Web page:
Brain imaging reveals possible depression signature in traumatic brain injury

Thursday, November 5, 2015

Approximately half of individuals who experience a traumatic brain injury (TBI) experience depression within a year. Those with TBI and depression are prone to poorer recovery, reductions in cognitive performance, greater functional disability, increased suicide attempts and other social and sexual difficulties. Since depression symptoms vary greatly, teasing apart a diagnosis in the context of traumatic brain injury is often difficult. However, researchers at the Center for BrainHealth at The University of Texas at Dallas have identified a potential brain-based biomarker for depressive symptoms that could simplify the process.

The study that published in Frontiers in Neurology Neurotrauma found that individuals with traumatic brain injury and depression exhibit increased brain connectivity between multiple regions and sub-networks of the brain and the amygdala, the part of the brain responsible for emotional processing, compared to people with minimal depressive symptoms. Researchers further observed differences in brain connectivity patterns that predicted the type of depressive symptoms, specifically whether individuals leaned toward cognitive symptoms (related to thought patterns) or affective symptoms (related to general mood).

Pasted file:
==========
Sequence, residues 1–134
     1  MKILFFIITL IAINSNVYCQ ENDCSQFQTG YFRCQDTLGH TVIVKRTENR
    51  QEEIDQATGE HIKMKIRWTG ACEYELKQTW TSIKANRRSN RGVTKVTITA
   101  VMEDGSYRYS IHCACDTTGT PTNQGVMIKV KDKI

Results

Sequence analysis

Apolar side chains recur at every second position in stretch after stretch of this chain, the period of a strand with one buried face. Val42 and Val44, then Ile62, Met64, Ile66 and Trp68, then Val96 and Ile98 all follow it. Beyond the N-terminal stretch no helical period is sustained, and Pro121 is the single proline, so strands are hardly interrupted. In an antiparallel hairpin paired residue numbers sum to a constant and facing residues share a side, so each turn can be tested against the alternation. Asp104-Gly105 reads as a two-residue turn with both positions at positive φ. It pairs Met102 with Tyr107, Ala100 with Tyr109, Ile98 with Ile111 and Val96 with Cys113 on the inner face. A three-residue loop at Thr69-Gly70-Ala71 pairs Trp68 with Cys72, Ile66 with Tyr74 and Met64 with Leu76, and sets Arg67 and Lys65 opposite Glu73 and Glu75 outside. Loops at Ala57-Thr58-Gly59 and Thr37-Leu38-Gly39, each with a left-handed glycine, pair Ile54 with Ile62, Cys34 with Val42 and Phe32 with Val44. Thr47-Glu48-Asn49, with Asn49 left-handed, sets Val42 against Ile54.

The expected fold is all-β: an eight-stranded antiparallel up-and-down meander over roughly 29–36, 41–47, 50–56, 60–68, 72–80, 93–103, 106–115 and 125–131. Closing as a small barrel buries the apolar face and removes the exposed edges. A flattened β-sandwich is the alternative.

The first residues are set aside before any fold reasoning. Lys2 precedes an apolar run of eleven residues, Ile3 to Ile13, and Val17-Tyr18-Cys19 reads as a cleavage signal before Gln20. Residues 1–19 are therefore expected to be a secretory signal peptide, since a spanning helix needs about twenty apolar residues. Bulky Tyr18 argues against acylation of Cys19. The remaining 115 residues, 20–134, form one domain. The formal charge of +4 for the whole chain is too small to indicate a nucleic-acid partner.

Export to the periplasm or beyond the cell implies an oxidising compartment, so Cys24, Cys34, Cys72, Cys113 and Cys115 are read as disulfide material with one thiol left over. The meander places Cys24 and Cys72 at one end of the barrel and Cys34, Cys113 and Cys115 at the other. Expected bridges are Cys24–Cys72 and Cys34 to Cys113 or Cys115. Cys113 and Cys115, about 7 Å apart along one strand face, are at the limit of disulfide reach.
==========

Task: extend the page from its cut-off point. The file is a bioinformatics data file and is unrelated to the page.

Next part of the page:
Continue Reading >>
BrainHealth® is a registered service mark of The University of Texas at Dallas